Annals of Histology & Surgical Pathology

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Shingo Inaguma*
 
Department of Pathology, Aichi Medical University School of Medicine, 1-1 Yazakokarimata, Nagakute, Aichi, 480-1195, Japan, Email: [email protected]
 
*Correspondence: Shingo Inaguma, MD PhD, Department of Pathology, Aichi Medical University School of Medicine, 1-1 Yazakokarimata, Nagakute, Aichi, 480-1195, Japan, Tel: +81-561-62-3311, Fax: +81-561-61-2350, Email: [email protected]

Received Date: Nov 11, 2017 / Accepted Date: Dec 12, 2017 / Published Date: Dec 14, 2017

Citation: Inaguma S. CD274 (PD-L1)-Expression in colorectal cancer. Ann Histol Surg Pathol 2017;1(1):6-7

This open-access article is distributed under the terms of the Creative Commons Attribution Non-Commercial License (CC BY-NC) (http://creativecommons.org/licenses/by-nc/4.0/), which permits reuse, distribution and reproduction of the article, provided that the original work is properly cited and the reuse is restricted to noncommercial purposes. For commercial reuse, contact [email protected]

Keywords

Colorectal cancer; CD274 (PD-L1); Immunotherapy; Biomarker

Editorial

Immunotherapy targeting immune checkpoint has emerged as a promising therapeutic strategy against cancer [1]. Aberrantly expressed CD274 (programmed cell death ligand-1, PD-L1) on tumour cells was reported to down-regulate T-cell-mediated immunity and help immune evasion of tumour cells [1]. Therapeutic antibodies targeting CD274/PDCD1 (programmed cell death 1, PD-1) axis are effective for treating distinct types of tumours [1,2]. Immunohistochemistry for CD274 has been suggested as a potential biomarker to predict efficacies of anti-CD274/PDCD1 checkpoint inhibitors [2]. Under these circumstances, several research groups, including us, has attempted to uncover the clinicopathologic profile, immunophenotype and genotype of CD274-positive colorectal carcinomas (CRCs) [3-7]. In addition to the histopathological and genetical analyses, our group tried to uncover CD274-regulation mechanism(s) using cultured CRC cells [7].

In primary CRCs, approximately 15% of cases are believed to develop through the serrated neoplasia pathway, showing mucinous and/or poorly differentiated/medullary histology, mismatch repair (MMR)-deficiency, mutational BRAF activation, and CpG island methylator phenotype [8-10). Several studies have identified significant associations between CD274 expression and characteristics of serrated neoplasia pathway-driven CRCs [3,5,6). Further immunohitochemical characterization of CD274-positive primary CRCs has revealed “stem-like” immunophenotype defined by downregulation of CDX2 (Caudal-type homeobox transcription factor 2), an intestinal differentiation marker and membranous expression of a stem cell marker ALCAM (activated leukocyte cell adhesion molecule, CD166) [3). Experimental confirmation for “stemness” of CD274-positive CRC cells has, however, never been performed.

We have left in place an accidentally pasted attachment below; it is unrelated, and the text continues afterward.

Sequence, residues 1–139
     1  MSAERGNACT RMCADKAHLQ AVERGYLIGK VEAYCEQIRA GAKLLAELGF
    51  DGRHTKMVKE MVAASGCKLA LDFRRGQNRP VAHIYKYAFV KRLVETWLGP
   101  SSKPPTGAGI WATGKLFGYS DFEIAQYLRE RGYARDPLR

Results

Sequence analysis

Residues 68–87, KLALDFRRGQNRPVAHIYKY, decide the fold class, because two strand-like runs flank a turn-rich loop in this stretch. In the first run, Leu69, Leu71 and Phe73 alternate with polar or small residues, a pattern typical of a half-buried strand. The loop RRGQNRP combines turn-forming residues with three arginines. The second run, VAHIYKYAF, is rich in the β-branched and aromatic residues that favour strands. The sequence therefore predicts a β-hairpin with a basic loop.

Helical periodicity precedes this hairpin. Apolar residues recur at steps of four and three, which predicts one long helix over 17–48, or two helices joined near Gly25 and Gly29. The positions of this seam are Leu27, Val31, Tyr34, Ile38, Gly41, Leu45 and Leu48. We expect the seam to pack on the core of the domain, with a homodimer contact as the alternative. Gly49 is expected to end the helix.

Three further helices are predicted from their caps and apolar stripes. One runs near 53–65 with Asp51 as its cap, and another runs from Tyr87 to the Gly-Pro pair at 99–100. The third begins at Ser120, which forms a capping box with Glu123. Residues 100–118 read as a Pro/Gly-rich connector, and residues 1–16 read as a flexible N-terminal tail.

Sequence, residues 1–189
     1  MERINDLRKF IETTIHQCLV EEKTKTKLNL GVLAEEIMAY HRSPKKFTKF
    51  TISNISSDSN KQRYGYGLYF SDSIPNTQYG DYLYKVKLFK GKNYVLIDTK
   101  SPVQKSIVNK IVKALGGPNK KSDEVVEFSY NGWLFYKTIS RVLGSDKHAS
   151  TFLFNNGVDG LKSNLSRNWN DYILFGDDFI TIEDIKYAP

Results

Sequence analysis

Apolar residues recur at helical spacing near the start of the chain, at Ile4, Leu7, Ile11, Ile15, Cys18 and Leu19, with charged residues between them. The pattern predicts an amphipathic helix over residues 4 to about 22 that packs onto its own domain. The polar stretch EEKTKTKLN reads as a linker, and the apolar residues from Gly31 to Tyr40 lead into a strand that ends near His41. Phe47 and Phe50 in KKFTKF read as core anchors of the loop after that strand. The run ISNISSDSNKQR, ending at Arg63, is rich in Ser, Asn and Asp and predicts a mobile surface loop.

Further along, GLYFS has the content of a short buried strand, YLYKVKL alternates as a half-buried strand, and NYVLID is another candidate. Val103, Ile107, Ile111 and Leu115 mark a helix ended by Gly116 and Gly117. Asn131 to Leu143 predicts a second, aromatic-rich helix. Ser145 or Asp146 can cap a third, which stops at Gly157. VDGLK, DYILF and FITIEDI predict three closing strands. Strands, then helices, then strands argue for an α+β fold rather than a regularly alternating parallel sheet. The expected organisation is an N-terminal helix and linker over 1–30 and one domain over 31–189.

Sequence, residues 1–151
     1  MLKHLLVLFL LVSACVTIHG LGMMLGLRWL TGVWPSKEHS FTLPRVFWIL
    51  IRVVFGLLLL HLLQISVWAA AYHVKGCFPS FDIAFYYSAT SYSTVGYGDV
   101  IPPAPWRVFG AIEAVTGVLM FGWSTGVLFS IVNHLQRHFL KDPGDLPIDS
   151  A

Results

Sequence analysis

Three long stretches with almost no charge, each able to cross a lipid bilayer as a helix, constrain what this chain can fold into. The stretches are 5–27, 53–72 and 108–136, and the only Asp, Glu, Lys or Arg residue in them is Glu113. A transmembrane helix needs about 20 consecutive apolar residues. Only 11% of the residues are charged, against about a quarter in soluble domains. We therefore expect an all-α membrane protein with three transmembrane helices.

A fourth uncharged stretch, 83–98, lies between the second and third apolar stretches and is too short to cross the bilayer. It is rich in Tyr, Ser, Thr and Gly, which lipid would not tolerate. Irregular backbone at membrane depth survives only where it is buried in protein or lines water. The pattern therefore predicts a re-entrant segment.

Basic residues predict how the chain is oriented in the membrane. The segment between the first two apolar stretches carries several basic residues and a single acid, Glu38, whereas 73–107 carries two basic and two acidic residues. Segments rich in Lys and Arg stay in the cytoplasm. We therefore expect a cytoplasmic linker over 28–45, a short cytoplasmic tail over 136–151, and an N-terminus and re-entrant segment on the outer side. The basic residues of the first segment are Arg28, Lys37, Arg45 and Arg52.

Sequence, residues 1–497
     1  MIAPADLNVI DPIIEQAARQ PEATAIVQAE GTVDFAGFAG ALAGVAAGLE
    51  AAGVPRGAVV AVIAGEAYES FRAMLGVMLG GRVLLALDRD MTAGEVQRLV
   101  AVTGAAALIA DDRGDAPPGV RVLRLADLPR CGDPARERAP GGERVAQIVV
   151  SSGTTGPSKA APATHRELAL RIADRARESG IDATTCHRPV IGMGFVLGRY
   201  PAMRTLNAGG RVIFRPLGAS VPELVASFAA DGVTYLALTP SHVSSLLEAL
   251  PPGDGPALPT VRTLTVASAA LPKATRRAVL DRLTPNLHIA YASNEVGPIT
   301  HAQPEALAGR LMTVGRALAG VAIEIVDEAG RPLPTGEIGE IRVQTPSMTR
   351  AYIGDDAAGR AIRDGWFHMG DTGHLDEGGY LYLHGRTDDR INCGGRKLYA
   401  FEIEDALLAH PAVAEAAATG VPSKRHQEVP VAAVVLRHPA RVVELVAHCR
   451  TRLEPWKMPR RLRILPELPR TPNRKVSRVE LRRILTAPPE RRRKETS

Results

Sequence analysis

In several types of cancers such as lung cancer, breast carcinoma, and renal cell carcinoma, recent studies have showed intra-tumour heterogeneity or differential expression of CD274 in isogenic primary and metastatic tumours [11-13). Hence, we analyzed 189 metastatic CRCs for CD274 expression and found that about 14% of metastatic CRCs showed cytoplasms-dominant CD274 expression [7]. Unlike primary tumours, this attempt showed no clear association between CD274 expression and tumour intrinsic factors such as MMR-deficiency or “stem-like” immunophenotype in metastatic CRCs [7]. Furthermore, gene mutation analyses revealed common KRAS mutations (54%) in CD274-positive metastatic CRCs [7]. These results indicate that epigenetic mechanisms, such as tumour micro environmental factor(s), might dominantly regulate CD274 expression in metastases.

Based on these results, we tested interferon-γ (IFNγ) and transforming growth factor-β1 (TGF-β1) famous soluble factors secreted from stromal cells, for CD274 regulation in five colon cancer cell lines. As a result, all of the cell lines were responsive to exogenous INFγ for CD274 up-regulation through JAK-STAT pathway, regardless of their subtypes such as MMR-deficiency or RAS/BRAF mutation status. On the other hand, CD274 regulation by TGF-β1 varied: up-regulation, down-regulation, and no clear change [7]. These experimental results suggest that INFγ and/or TGF-β1 within tumour micro environment could modulate CD274 expression.

In summary, recent studies have identified significantly distinct characteristics in CD274-positive primary and metastatic CRCs. Immunohistochemical evaluation of metastases should be considered in planning CD274/PDCD1 axis inhibitors therapy so that non-optimal use of the drugs would be avoided. Further molecular biological studies are needed to understand a complicated CD274 regulating mechanism in CRCs.

Conflict of Interest

The author has disclosed no relationships with, or financial interest in, any commercial companies pertaining to this article.

References

 
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